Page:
With all the chatter recently about the pullback in emerging market stocks, I decided to take a closer look.
I dutifully checked on the largest emerging markets ETFs -- iShares MSCI Emerging Markets ETF (EEM) and Vanguard's FTSE Emerging Markets ETF (VWO) . These two ETFs combine for over $85 billion in assets under management.
Thus far in 2018, EEM has fallen 10.55% and VWO has declined 10.69% versus a 15.82% gain for the Nasdaq Composite, so that comparison would imply that institutional money continues to flow toward big-cap tech stocks at the expense of those in developing economies.
But is that a fair comparison?
Looking down the page on iShares' website, a glance at the top-10 holdings of EEM paints a picture of a security that is not much of a benchmark for the world's emerging economies. Seven of EEM's top 10 holdings are based in China, and the one that is located in a country with an emerging economy, South Africa's Naspers (NPSNY) , only has the size to be included because of its significant investment in China's Tencent Holdings (TCEHY) , the largest of EEM's holdings.
So, what the financial media is describing as an "emerging markets meltdown" is really a pullback in Chinese stocks. China is not in the throes of an economic meltdown; far from it actually. Also, China's economy has long since outgrown the definition of emerging, even if MSCI and others place it in that box.
Actual emerging market meltdowns are characterized by currency weakness, capital outflows, and massive action (or overreaction) by central banks and foreign lenders. That is exactly what is happening in Turkey and Argentina these days, but that has almost zero bearing on the valuation of EEM.
A very helpful metric is Morgan Stanley's external coverage ratio (as shown in this article), a measure of a country's total reserves divided by its external funding needs (the sum of current account, short-term debt and next 12-months long-term debt amortizations). On that ratio, a higher score is better, and China's 3.1 ratio puts it near the top of the league.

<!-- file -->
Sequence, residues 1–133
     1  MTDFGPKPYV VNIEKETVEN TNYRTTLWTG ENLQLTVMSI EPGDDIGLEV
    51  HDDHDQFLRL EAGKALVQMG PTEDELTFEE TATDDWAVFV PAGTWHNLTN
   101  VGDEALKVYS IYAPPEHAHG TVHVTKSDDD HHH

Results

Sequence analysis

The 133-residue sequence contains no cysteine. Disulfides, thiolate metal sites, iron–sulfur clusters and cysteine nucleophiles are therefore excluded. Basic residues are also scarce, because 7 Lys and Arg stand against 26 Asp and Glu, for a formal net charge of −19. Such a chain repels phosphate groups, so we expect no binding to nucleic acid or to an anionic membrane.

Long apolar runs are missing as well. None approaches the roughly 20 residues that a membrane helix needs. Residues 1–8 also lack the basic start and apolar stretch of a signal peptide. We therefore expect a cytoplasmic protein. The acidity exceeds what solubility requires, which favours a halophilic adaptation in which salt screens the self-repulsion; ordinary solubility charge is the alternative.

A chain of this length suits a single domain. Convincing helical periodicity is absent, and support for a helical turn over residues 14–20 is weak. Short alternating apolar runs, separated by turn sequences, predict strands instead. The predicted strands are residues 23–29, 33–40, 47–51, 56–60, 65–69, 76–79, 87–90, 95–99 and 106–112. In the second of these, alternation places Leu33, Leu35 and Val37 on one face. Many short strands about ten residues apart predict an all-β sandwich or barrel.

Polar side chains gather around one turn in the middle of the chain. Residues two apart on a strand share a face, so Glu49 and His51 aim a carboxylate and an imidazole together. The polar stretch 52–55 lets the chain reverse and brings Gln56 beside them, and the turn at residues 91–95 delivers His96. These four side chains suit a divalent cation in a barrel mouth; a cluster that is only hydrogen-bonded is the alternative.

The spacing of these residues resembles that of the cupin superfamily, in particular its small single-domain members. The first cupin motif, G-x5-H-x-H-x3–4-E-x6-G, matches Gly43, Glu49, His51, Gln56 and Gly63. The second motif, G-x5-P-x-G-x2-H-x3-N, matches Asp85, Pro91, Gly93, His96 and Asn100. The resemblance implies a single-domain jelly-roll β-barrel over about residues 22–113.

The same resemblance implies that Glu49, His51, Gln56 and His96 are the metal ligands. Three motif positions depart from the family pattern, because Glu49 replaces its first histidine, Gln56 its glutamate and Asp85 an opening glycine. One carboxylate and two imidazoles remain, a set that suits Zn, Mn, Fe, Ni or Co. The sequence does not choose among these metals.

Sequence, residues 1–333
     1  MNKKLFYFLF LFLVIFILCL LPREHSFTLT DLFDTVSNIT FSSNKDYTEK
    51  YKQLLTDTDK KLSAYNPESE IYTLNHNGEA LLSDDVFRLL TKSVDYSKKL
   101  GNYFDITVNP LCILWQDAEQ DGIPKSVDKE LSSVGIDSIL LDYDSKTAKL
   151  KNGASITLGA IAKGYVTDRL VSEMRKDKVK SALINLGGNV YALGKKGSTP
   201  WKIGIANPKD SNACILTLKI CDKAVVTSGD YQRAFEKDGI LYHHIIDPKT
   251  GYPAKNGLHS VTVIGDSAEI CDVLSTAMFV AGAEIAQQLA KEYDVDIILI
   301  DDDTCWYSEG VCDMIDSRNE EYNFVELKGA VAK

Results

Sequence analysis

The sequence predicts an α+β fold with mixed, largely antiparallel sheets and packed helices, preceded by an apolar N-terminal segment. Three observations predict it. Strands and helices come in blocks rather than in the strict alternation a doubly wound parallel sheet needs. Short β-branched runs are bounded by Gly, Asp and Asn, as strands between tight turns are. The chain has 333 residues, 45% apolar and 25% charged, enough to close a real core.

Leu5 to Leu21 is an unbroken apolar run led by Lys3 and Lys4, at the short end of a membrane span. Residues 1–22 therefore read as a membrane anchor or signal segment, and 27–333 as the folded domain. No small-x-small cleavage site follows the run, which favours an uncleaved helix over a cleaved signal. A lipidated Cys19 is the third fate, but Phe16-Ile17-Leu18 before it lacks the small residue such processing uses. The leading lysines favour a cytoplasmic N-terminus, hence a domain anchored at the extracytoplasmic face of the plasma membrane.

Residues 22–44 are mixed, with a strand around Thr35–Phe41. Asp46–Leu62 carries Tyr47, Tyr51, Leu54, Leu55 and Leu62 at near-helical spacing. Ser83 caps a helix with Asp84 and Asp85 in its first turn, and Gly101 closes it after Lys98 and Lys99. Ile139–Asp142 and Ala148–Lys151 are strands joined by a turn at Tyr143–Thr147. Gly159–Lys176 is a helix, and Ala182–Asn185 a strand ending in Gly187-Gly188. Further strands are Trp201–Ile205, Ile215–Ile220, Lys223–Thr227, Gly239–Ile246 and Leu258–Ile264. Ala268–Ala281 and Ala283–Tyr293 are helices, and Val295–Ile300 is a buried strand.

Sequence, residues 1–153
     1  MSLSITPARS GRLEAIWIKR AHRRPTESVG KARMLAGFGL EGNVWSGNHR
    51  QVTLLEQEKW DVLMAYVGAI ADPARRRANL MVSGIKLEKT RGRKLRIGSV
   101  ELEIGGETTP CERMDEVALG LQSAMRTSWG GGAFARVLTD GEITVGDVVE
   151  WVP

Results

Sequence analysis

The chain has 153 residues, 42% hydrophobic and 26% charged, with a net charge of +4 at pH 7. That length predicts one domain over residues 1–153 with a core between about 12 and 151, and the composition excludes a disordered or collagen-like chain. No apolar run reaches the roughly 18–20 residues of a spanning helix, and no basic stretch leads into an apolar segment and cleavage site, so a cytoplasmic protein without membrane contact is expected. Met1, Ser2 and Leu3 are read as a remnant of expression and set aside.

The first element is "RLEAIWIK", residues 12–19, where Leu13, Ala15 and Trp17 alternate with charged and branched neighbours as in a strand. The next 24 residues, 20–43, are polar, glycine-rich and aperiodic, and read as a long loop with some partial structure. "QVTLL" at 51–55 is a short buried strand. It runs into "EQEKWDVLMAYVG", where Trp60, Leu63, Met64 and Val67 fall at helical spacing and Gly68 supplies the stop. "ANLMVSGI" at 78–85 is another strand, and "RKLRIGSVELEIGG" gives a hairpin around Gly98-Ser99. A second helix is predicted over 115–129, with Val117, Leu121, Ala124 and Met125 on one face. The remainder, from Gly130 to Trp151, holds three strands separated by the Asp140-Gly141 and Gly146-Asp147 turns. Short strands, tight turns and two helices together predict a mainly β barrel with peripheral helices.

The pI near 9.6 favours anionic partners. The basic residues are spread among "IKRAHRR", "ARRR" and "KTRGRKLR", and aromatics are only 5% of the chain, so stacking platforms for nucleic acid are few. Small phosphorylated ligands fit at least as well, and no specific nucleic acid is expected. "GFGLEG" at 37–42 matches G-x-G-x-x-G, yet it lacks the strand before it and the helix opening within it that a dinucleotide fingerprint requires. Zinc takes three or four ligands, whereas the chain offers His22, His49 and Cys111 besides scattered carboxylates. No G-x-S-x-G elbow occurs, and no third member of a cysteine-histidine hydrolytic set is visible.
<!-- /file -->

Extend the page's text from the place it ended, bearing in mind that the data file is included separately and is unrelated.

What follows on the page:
The ratios of Turkey, Ukraine, Argentina and Jordan -- which lie between 0.4 and 0.6 -- are indeed scary, and suggest that remedial action must be undertaken. Argentina has won funding guarantees from the IMF and Turkey has gained external financing from Qatar and other countries.
So, the issue is that the most widely followed emerging markets benchmarks may be hiding the reality they are meant to convey. When the emerging markets benchmark really is a measure of the country with the world's second largest GDP, it concerns me that real economic problems are being hidden.
If you are playing EEM, you are playing China's market. I believe that further intensification of trade tensions between the PRC and the United States will continue to pressure those stocks.
As I mentioned in my recent Real Money column on Tencent, the demographics in China are wonderful for consumer products companies. A decidedly bearish turn in short-term market sentiment has convinced me, however, that names such as Tencent, Alibaba Group (BABA) , Baidu (BIDU) and iQiyi (IQ) have more downside, so I'm standing on the sidelines for now.
So, if you really want to play emerging markets, you have to look at the fixed-income side, and of course there is an ETF for that. iShares J.P. Morgan USD Emerging Markets Bond ETF (EMB) tracks developing country bonds, and China is only the fourth largest national exposure for the fund.
EMB's top-10 holdings read like a drag racing Christmas tree's starting light, arrayed with a lot of flashing yellows and reds. EMB's number-one holding is sovereign debt issued by the Philippines, followed by sovereigns from Colombia, Russia, Turkey and Argentina. That is where the global economic flashpoints are, not in mainland China.
So, if you really want emerging markets exposure, have a look at EMB, but I have to warn you to be very, very, very careful. Stocks like Tencent and Baidu are going to move based on sentiment, but sovereign bonds are much more closely pegged to individual countries' national account balances and the value of their home currencies.
If you think the era of "King Dollar" is going to end quickly EMB would be a great way to play that, but I would warn you that that is very much a contrarian opinion.
I am convinced that 10 years from now Tencent shares will be trading at levels that are magnitudes greater than their price today, but I need to buy them as cheaply as possible to produce relative return for my clients.
Will the Philippines be a stronger credit 10 years from now? I have no idea, and I am certainly not going to risk my clients' money on such a bet.